Not everybody is going to agree about the meaning of that civic creed, about what freedom is, what equality is, what inclusion is, what the common good is. But if we could simply get to the point where we agree that those are the things that we should care about, that the country was founded on, then I think some forward progress would be possible instead of simply having this argument about cultural issues.

Q: Do you think that there's a version of this debate going on within the Republican Party?

Yes, I think that the faction within the Republican Party that embraces religious nationalism has grown. It's grown to the extent that people who probably aren't religious nationalists have to pretend to be. I'm thinking, for example, about some of Mitt Romney's rather awkward performances in 2012, trying to pretend that he was some kind of big time American exceptionalist. Embracing some version of American exceptionalism has become kind of a litmus test.

The other thing that I've seen happening in the more recent race is that there are two competing versions of religious nationalism now in the Republican party, one that's more nationalist than religious and one that's more religious than nationalist. The more nationalist than religious one is Donald Trump. The more religious than nationalist one is Ben Carson.

I think that there are people within the Republican Party who would adhere to a right-of-center version of the civic creed that I'm articulating. Mine is left of center. But I have plenty of right-of-center friends whom I learn a lot from and enjoy debating with. But I think it's very difficult for those people to simply say what they actually think instead of pretending to be some kind of American exceptionalist.

And I think that this is one of the big internal crises that's going on in the Republican Party. And that until those right-of-center, civic creed people are able to regain some degree of voice and legitimacy within the Republican party, it's going to be bad not just for the Republican party but for all of us.

Q: Radical secularism doesn’t seem to have the same kind of representation in Washington. Do you see it as contributing to the gridlock in more subtle ways?

I do. I don't think that it has the kind of obvious influence, say, within the Congress that American exceptionalism does. But I do think that it has a quite a bit of influence within the American academy and American cultural elites and that this is part of what a lot of conservative Christians are reacting against. When they say that America was founded as a Christian nation, I think a lot of them don't really mean it. They’re just saying, "Look, a lot of the people who first founded the United States were Christian.” That Christian values and precepts played a big role in the political and cultural development in the United States.

People who insist that that's not true aren’t giving it a fair accounting. I think there's a sense of being condescended to, talked down to. And one of the unfortunate practical effects is that it makes it more difficult for religious and secular people to ally with one another around common causes because you're just simply not supposed to do that.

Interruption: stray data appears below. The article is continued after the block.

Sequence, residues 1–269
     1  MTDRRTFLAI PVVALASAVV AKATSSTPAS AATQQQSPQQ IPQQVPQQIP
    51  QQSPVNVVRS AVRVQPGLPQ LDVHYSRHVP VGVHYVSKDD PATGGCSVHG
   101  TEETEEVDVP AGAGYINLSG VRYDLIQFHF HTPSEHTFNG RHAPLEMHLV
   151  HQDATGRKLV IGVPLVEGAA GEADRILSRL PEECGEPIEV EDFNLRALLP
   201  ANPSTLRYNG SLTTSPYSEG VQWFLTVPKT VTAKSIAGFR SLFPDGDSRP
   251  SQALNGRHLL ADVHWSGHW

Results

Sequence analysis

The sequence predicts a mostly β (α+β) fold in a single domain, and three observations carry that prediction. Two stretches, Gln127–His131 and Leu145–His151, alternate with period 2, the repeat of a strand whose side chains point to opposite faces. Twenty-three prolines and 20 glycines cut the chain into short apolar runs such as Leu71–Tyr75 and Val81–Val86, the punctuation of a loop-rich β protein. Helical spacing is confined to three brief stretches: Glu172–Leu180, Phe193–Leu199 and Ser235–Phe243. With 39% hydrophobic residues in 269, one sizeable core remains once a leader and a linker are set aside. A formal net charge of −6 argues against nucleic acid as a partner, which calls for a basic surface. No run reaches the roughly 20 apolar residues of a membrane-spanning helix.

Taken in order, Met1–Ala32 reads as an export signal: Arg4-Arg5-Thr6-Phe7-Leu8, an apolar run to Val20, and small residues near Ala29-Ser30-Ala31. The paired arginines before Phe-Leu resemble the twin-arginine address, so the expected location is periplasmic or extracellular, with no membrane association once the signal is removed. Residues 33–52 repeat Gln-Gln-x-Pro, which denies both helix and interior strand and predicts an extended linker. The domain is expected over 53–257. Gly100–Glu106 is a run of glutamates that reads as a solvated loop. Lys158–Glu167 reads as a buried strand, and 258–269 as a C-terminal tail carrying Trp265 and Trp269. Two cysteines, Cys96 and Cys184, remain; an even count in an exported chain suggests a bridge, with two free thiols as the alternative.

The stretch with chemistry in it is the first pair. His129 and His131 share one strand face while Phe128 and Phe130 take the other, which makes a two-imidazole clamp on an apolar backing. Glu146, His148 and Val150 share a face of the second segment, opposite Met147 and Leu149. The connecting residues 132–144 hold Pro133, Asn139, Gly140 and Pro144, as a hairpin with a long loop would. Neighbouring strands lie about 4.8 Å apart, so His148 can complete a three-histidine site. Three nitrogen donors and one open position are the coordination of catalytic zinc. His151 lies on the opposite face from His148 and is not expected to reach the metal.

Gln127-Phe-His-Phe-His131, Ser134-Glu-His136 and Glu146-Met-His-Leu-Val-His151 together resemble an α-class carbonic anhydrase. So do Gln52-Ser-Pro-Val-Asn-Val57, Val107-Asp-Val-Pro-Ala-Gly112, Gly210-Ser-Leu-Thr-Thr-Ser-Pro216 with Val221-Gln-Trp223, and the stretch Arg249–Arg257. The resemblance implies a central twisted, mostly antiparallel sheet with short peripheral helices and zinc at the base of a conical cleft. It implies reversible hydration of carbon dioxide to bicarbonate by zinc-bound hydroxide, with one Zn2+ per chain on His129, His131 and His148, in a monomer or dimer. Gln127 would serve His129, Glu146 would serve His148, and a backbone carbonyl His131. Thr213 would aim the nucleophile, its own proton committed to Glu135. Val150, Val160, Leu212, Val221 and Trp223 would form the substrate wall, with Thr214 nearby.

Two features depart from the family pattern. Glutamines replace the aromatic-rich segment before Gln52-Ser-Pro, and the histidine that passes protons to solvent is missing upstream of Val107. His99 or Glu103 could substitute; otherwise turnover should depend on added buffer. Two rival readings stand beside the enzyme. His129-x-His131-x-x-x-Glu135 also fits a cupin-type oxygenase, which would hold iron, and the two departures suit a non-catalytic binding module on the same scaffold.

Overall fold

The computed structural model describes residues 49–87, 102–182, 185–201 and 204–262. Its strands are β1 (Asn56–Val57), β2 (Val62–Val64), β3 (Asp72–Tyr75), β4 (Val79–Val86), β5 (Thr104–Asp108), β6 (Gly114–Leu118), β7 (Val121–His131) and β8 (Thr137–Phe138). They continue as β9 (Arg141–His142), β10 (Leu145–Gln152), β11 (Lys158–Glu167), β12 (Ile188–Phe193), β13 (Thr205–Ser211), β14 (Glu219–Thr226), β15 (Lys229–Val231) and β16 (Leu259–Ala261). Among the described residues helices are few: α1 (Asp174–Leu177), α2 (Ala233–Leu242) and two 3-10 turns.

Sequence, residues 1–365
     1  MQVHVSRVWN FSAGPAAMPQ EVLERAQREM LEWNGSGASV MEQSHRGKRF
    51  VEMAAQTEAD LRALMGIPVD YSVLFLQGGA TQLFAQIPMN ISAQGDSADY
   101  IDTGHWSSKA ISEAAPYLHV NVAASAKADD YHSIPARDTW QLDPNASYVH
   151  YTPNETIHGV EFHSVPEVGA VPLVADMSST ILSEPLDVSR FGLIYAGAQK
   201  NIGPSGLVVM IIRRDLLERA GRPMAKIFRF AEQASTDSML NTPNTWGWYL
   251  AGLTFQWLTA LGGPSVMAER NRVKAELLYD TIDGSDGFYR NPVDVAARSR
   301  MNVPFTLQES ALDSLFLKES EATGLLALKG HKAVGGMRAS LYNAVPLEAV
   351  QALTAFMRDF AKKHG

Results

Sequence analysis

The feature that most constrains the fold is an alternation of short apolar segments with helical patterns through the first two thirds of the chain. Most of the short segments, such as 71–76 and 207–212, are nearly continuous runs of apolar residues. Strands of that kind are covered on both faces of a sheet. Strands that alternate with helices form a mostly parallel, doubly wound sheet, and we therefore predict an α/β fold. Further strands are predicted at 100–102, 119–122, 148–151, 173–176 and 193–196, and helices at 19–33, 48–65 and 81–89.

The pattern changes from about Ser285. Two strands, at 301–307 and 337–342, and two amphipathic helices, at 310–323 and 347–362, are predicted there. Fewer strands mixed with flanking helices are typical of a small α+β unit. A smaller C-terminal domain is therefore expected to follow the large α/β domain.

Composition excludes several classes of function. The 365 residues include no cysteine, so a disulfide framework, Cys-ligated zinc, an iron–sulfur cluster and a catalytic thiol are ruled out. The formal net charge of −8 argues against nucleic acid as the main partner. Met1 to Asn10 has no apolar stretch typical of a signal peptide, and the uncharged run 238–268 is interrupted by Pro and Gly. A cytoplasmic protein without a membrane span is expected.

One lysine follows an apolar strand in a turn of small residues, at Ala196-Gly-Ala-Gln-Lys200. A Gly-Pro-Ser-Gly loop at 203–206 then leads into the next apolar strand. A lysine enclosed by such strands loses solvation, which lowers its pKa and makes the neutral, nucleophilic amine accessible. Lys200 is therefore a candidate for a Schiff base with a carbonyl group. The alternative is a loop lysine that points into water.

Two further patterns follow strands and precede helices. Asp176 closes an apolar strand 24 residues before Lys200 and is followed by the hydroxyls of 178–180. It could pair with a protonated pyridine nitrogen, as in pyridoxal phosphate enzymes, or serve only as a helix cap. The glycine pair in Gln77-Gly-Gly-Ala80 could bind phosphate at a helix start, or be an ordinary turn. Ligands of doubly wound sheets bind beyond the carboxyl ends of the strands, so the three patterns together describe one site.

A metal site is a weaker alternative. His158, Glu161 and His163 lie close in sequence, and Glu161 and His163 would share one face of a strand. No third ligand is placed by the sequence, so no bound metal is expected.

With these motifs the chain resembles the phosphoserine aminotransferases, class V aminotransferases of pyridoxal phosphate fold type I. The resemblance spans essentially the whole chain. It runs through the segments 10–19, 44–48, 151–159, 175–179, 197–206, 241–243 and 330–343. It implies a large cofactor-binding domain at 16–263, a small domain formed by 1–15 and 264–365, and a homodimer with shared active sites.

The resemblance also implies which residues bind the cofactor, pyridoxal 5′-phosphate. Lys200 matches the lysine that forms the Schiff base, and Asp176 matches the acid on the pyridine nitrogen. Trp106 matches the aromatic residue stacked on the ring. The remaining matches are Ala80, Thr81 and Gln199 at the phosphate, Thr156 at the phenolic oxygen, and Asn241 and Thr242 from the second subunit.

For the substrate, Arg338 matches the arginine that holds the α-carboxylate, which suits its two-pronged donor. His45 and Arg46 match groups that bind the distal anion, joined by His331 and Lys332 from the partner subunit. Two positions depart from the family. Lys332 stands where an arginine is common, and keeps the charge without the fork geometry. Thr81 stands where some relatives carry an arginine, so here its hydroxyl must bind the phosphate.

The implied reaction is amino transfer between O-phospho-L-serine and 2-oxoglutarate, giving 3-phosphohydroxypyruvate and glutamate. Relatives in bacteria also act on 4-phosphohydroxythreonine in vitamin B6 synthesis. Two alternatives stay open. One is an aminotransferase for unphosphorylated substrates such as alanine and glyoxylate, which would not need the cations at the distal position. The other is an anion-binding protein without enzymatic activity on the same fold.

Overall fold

Q: People sometimes suggest that capitalism will lead to an end to all of these debates. Do you think that in some way, capitalism provides a fourth thread that's competing?

This is not a central theme of the book. The book is really about religion and politics. But I'm skeptical about the idea that markets can solve all of our problems or that capitalism can solve all of our problems. That's only going to be true if you really believe that markets are completely self-regulating, which I happen to think is not correct and which I think increasing numbers of economists and economic historians think is incorrect. That in order for capitalism to work, there has to be rule of law. There have to be some kinds of constraints put on markets.

And how is that going to happen? Well, that's going to happen through politics. And in order to have a functioning political community, you need some degree of democracy, of solidarity, of dialog. And those are the things that are precisely endangered.

Q: Do you think that part of what is driving this increased polarization is a reaction to a more pluralistic country?

Yes, I think that the kind of anger and vitriol that we see at the moment is partly due to increasing pluralism. But it's also pluralism combined with increasing inequality. There are a lot of people who feel like their country has been taken away from them. They partly feel threatened by growing pluralism, and they partly feel threatened by downward mobility.

It is hard to deal with people who are different from you. It requires work. It's not easy. It can be uncomfortable. But that's what America is supposed to be about. We're supposed to show that that can work. And so I think people should buckle down and work a little bit harder at it.

I think a lot of the younger generation already is showing that you can make a lot of progress, not without fits and starts. When I look at my own children, they're a remarkably tolerant, open-minded, inclusive bunch. And so I have a certain amount of hope that, though it will be difficult, it's not impossible.

Interview conducted and edited by Ben Mattison. Photo: First-grade students at Public School 60 in Baltimore, June 1955. Richard Stacks/Baltimore Sun/TNS via Getty Images.

Professor of Sociology, Yale University